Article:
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Avant Garde Lounge Case Study

As an artist, going to places to socialize with other artists sparks inspiration which is important to strengthen the love of art. So that’s why Avant Garde Lounge came into existence. I wanted to create a space where artists can host exhibitions over some drinks to support one another financially and career wise; making opportunities for new, experienced and inspiring artists.

Early logo draft

Why the name “Avant Garde Lounge?”

Having a place for artists to have a safe space was a priority so finding a name that was inclusive to all art was a challenge. The best solution to find a term to suit my needs was to look in art history text books and look up terms and eras to find inspiration. It took a bit to find the right name that suited the aesthetic of the brand but it worked out perfectly.

Once I got the name down, I started to design the logo. I was trying to make the logo mimic shipping containers or a one line art face situation. However, when I used the font Alta California, the font became more interesting than the illustration. I decided to mishmash text to create the final logo design and still applied the face abstract idea. For the responsive logo, I use the initials to create a face which is much simpler.

Finalized Logo Designs
Model skeleton of AGL

Environmental Design

When I started with the deliverables of Avant Garde Lounge, I decided to illustrate the interior and exterior of certain parts of the lounge as my feature design. Since I wanted my lounge in shipping containers, it would make sense to challenge my illustration skills and draw environmental illustrations. I don’t normally draw extravagant backgrounds so this was a challenge to draw. In order to make it a little easier, I decided to make a 3D mockup to make it easy with drawing in perspective. My main goal for my brand is to make this place a fun but comfortable and welcoming atmosphere for artists.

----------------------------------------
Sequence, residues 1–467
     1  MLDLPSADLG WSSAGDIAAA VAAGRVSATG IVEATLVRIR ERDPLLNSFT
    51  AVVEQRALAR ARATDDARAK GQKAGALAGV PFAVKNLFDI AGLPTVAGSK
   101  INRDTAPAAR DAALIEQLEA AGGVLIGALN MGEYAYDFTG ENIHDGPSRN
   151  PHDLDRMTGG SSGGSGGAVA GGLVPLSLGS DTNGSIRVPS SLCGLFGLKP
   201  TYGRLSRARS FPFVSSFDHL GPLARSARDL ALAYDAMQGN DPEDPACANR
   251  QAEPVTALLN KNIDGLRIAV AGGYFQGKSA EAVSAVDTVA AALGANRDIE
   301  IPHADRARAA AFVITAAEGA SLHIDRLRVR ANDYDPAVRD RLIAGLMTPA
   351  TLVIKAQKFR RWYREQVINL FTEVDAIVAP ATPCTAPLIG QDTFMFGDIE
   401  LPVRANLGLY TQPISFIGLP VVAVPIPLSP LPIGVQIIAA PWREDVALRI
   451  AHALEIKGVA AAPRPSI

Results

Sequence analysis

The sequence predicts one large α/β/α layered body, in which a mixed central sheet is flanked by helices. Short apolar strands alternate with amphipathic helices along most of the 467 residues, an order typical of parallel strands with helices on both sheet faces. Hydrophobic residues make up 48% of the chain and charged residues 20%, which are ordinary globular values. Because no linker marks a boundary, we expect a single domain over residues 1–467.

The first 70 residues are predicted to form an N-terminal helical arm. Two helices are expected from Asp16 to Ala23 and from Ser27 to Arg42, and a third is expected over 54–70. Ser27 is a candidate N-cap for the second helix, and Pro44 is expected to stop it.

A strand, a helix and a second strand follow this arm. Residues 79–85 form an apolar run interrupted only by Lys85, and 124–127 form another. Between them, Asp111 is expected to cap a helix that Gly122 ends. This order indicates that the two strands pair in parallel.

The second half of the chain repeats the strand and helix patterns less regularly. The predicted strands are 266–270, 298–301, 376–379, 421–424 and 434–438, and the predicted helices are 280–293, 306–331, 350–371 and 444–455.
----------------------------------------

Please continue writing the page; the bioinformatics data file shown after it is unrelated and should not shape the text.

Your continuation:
Color Palette for AGL

I went through a lot of color palettes before landing on this mauve-like palette. I wanted bright colors but I didn’t want it to look like Chucky Cheese (no offense). I also didn’t want the colors to be too crazy so if someone decided to have an event, the colored walls wouldn’t clash with the artwork. This palette suited my brand perfectly at the end.

Environmental illustrations of Avant Garde Lounge

This design of the building was inspired by shipping containers. At first it was a warehouse, but shipping containers seemed more interesting, and reusing materials makes the earth a little bit more happier. I also wanted to make sure that this place didn’t look too similar to the storage container houses. I did research on shipping container restaurant and houses and they seem to look somewhat plain and the same throughout the pictures. Some had patterns but it wasn’t enough. I wanted my place to have levels and enough space to do events so I created a building shape to do so while noting that shipping containers tend to be narrow.

Poster Designs

The second deliverable was posters. In order to promote and give potential customers information about events and the lounge, posters and business cards are a good choice. It also gave me a reason to illustrate more! I went with a bright but more mauve-like color palette throughout my brand and applied it to my posters with some patterns to make it cohesive. I wanted these to feel inviting and fun for creatives. I had to be more simple with the backgrounds to make the individuals and their clothes stand out.

How the posters would look in real life!
Packaging for AGL

Collateral Designs

Inspired by the patterns that I created, I decided to apply them to tote bags and poster tubes, making the collateral my third deliverables. Since artists would have the ability to sell their pieces, customers would need bags and poster tubes to carry art home. To make it more sustainable, the tote bags are a canvas material, cups are made out of recyclable material and the tube is made of plexiglass.

Patterns that is used throughout the posters and packaging
Scan Version of the Menu

Menu and Business Cards Designs

For my final deliverables, I decided to go to a simplistic route for the menu and business cards to take a break from the patterns. To make the menu and business cards more cohesive, I used the same color palette. At first I made a Qr code so people can scan and the menu appeared on their phones but when I created illustrations for the menu, I decided to use dimension to show off the menu and the business cards! The menu drinks are really based on drinks that I tend to like a lot: Coffee, fruity and herbal drinks that are easier for people who aren’t much of a drinker or want a fun drink to enjoy while looking at art work!

Menu and Business cards designs in Dimension
Photoshop mockups of Business cards


I’m proud with how the deliverables came out, but if I would do things differently, I would illustrate more posters, design more products for the packaging department of the brand, make a more extensive menu with illustrations and make a website with much more illustrations! So all together, more illustrations.


Keisha Diggs ( https://www.behance.net/keishaalynnee)

Mock up creators at Freepik

Poster Mockup Background: Photo by S O C I A L . C U T on Unsplash

3D modeling Autodesk TinkerCAD

@Jenny B Kowalski, Tyler School of Art and Architecture, Temple University



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